How to Get a Commercial Real Estate Loan

How to Get a Commercial Real Estate Loan

While renting has its perks, you could start building equity in your business if you could get a commercial loan to buy your space. In addition to paying thousands of dollars each month into your landlord’s investment, there will always be uncertainty regarding if they’ll renew your lease when it ends and how much higher your new rent will be. It can be hard to plan for the future of your business without knowing if you’ll even be in the same location in a few years. Learning how to get a commercial real estate loan could help you save money, build equity, and commit to a long-term plan for your business.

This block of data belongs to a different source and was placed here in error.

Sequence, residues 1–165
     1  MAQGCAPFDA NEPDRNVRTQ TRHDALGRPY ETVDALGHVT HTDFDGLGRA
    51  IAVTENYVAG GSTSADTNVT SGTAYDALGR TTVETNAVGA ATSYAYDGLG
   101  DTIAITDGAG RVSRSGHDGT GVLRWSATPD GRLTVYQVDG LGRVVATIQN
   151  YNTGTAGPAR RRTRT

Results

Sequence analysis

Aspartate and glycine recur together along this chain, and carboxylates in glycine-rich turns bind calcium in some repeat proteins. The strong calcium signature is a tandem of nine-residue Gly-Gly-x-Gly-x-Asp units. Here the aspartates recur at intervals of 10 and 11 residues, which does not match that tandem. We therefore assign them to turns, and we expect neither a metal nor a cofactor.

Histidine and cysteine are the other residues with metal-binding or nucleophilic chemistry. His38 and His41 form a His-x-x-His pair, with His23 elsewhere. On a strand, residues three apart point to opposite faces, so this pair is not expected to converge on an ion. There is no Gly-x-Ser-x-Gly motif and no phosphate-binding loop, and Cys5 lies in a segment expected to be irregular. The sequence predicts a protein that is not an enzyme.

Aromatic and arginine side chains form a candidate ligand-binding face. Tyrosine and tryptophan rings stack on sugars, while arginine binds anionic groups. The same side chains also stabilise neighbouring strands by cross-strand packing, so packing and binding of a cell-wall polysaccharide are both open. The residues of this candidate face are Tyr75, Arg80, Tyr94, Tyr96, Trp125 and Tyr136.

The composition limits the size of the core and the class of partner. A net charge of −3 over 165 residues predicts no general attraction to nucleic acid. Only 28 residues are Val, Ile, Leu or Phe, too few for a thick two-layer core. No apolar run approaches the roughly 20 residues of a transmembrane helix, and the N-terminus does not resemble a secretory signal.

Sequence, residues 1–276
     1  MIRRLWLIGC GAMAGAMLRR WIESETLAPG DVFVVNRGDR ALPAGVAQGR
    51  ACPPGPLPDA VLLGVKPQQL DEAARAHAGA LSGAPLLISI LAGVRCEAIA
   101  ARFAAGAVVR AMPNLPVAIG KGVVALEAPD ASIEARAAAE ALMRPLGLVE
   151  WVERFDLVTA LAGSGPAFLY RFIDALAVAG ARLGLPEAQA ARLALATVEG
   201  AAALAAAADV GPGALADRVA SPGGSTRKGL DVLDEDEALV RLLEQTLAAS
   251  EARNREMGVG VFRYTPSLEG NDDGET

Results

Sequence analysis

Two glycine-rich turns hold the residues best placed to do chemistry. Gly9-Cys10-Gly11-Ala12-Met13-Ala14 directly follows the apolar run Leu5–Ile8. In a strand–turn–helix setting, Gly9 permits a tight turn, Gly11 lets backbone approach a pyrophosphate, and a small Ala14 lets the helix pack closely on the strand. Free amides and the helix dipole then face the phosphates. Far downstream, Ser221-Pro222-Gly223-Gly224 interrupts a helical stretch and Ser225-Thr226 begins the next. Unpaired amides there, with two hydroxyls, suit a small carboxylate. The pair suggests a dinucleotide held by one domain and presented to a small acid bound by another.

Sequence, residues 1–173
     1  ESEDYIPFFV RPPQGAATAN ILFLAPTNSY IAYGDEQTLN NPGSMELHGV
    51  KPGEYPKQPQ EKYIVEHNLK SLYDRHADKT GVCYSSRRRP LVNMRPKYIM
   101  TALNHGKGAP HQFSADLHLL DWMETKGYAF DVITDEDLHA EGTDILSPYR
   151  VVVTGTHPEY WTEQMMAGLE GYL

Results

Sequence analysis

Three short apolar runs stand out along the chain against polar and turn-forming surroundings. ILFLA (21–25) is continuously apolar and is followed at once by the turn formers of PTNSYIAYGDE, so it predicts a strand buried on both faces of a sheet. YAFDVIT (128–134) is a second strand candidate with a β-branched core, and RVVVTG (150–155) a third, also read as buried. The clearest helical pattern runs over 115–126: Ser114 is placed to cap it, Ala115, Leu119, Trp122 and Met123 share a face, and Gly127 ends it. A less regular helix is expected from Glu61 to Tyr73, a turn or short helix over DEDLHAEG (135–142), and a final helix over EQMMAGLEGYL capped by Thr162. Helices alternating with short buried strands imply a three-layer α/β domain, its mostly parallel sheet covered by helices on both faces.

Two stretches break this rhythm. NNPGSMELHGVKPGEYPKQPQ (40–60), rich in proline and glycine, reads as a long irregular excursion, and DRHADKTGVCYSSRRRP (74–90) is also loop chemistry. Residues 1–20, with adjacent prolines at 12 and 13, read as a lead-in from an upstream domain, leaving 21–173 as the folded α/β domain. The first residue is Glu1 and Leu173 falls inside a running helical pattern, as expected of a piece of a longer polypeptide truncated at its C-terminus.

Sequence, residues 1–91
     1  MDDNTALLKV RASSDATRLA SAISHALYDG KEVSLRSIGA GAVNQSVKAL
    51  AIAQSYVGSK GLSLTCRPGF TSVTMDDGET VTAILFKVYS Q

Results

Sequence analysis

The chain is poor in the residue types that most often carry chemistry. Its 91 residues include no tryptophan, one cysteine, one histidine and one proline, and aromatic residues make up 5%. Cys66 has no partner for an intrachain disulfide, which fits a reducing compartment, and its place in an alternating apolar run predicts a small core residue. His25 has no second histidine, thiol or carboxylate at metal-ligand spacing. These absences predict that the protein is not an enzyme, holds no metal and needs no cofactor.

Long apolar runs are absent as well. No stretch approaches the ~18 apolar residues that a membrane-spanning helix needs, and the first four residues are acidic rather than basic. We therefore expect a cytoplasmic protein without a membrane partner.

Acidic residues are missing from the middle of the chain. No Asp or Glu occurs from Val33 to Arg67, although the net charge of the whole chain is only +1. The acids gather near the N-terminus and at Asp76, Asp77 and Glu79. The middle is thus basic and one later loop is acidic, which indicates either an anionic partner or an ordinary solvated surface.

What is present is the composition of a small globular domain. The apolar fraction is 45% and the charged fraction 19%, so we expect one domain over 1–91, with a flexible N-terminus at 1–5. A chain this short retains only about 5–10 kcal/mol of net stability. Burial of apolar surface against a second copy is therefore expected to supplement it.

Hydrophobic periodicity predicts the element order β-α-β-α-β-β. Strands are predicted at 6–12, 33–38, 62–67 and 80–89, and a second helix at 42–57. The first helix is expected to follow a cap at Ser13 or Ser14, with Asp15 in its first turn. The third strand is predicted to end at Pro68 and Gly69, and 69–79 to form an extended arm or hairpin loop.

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Different Types of Commercial Real Estate Loans

A commercial real estate loan is simply a real estate loan meant for commercial use, which could be used for business or investment property. There are several different types of commercial real estate loans:

  • Bank loans: Banks can offer good rates and convenience, especially if you already bank with them in other capacities, but they require a rigorous application process and, depending on market conditions, they move criteria as the market adjusts. For small and mid-size businesses, a local or regional bank is ideal, as they tend to be relationship-based. For larger firms and purchases over 10 million, a national bank will provide more competitive rates and terms, however, they require a strong financial and strong credit score. Most bank loans require a personal guarantor. Rates are generally tied to the prime rate and will run 1% to 2% over prime. Down payment requirements will be 20 to 30%. Most loans will have a five to ten year maturity period, with the loan amortized over 20 to 25 years. Most commercial bank loans take 60 to 120 days to approve and fund.